It was not long ago that it was him impressing as an unheralded youngster, leading to his eventual promotion to the first-team for competitive games.
Things have changed dramatically for the Nigerian over the past 18 months, and now he is a regular member of the senior squad facing a crucial summer period. Iwobi still has plenty to prove.
That shouldn’t come as any great surprise – despite his preternatural maturity in possession, Iwobi is still only 21. Expecting him to be the finished article at this stage would be absurd.
There was an element of ‘second season syndrome’ about Iwobi’s 2016/17. He began the campaign as first-choice, with his languid style on the left a natural counterpoint to Alexis Sanchez at central striker. However, as the season wore on, Iwobi suffered on two fronts.
Firstly, Arsenal switched back to playing with a conventional centre-forward, meaning Alexis was pushed back into Iwobi’s spot on the left.
More troublingly, he suffered a visible dip in form. When Iwobi first broke into the team, one of the most striking things about him was that inherent assurance in his technique and his ability – he just looked like he belonged. With the team suffering, Iwobi’s confidence dipped, and Wenger plainly felt it better to take him out of the firing line.
It was telling that when Arsenal embarked on a run of 10 wins from 11 to rescue their season, Iwobi made just two substitute appearances for a combined total of 55 minutes.
There is plenty of evidence at Arsenal of how easy it is for a young player to fall from grace. Take Calum Chambers – he had a very bright start to his career at the Emirates Stadium, before a poor run of form saw him out of favour with the manager.
His first-team chances were also hurt by the arrival of another young player of a similar age in the same position, Rob Holding.
That is the situation Iwobi stands to face if Arsenal get their way over Lemar. Like Iwobi, he is 21 years old. Also like Iwobi, he has spent most of his career playing from the left flank.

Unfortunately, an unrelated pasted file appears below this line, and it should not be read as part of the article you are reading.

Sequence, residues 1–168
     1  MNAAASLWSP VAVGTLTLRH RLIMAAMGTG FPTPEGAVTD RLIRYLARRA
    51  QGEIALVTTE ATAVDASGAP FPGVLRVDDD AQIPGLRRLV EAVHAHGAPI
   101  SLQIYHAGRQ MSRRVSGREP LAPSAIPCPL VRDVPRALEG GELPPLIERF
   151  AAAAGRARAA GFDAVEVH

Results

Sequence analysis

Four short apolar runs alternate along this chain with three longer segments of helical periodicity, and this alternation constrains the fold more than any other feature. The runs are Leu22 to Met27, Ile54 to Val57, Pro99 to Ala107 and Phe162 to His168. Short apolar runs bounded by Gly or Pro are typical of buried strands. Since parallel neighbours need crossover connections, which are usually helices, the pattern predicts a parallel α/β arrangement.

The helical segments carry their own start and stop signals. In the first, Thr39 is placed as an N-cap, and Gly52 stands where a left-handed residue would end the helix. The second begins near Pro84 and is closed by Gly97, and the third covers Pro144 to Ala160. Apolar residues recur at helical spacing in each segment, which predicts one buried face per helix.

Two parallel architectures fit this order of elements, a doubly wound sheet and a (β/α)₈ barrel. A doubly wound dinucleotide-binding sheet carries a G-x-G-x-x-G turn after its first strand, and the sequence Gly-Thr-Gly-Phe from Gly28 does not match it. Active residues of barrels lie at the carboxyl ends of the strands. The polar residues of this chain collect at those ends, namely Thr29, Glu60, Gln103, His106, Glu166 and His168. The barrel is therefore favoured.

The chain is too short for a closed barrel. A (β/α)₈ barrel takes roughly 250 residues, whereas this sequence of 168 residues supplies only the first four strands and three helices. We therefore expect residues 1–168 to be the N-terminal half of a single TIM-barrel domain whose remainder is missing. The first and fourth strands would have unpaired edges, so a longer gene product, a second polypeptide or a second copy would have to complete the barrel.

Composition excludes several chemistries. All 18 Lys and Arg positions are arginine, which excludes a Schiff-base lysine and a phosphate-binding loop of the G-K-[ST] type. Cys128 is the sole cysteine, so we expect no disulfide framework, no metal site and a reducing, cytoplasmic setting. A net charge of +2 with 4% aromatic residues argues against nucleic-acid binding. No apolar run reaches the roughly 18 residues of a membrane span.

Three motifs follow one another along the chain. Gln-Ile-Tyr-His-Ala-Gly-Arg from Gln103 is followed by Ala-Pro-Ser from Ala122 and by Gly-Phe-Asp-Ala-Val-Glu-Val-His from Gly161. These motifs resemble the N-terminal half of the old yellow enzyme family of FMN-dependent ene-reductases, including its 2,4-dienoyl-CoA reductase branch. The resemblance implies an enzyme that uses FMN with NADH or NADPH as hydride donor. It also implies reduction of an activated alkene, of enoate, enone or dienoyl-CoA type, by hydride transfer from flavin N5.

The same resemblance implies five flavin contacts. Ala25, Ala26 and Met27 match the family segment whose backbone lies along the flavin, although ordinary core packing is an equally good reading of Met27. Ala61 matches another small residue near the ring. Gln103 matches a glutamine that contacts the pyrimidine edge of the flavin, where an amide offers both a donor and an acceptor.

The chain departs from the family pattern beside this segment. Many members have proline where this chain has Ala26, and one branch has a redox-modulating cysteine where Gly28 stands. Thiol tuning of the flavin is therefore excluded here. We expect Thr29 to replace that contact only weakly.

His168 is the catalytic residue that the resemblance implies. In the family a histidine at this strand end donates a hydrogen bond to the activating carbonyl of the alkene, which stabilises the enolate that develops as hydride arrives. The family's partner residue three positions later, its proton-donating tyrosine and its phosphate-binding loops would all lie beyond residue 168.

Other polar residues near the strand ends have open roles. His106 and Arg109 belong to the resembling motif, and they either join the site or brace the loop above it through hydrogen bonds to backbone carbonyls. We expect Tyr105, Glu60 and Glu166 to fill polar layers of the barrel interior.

However, the similarities do not end there: both combine powerful dribbling with intelligent passing, and both are ultimately expected to assume a position in the centre of the pitch.
Arsenal’s bid for Lemar is not necessarily an indicator that Wenger has lost faith in Iwobi. There is room for them both in the squad (especially given the uncertainty over certain other creative players), but it’s clear Iwobi needs to step up his performances if he’s to win back his first-team place.
Speaking after Arsenal’s first fixture against Sydney FC, Iwobi admitted he has a “point to prove” this summer:
“I didn’t play as much as I’d like to last year. I want to start the season with a bang. I’ve been doing a bit of running and ball work to prepare.
“I need to be a bit more hungry this year, add more goals and assists. At the start of last season I played a lot. I want to do that all year. Consistency is the key with me.
“Goals win games. I need to add that. Arsene Wenger spoke to me towards the end of last season. Show me you’re able to do that and ill give you a chance.”
Goals are certainly something that would Iwobi’s case – after all, Lemar bagged 14 for Monaco last season, and finishing isn’t even regarded as one of his stronger suits.
The promising news is that Iwobi’s diligent physical preparation appears to be paying dividends. He’s looked one of the sharper players in Arsenal’s first two friendlies, and it was he who created Alexandre Lacazette’s first Gunners goal with a driving run and pull-back.
Greater tests are on the horizon. The next week sees Arsenal in ‘friendly’ action against Bayern Munich and Chelsea. Iwobi knows he must continue to impress to be assured of game-time when the competitive campaign kicks-off.
Can Iwobi kick on this season and become one of Arsenal’s top playmakers? Let us know in the comments below.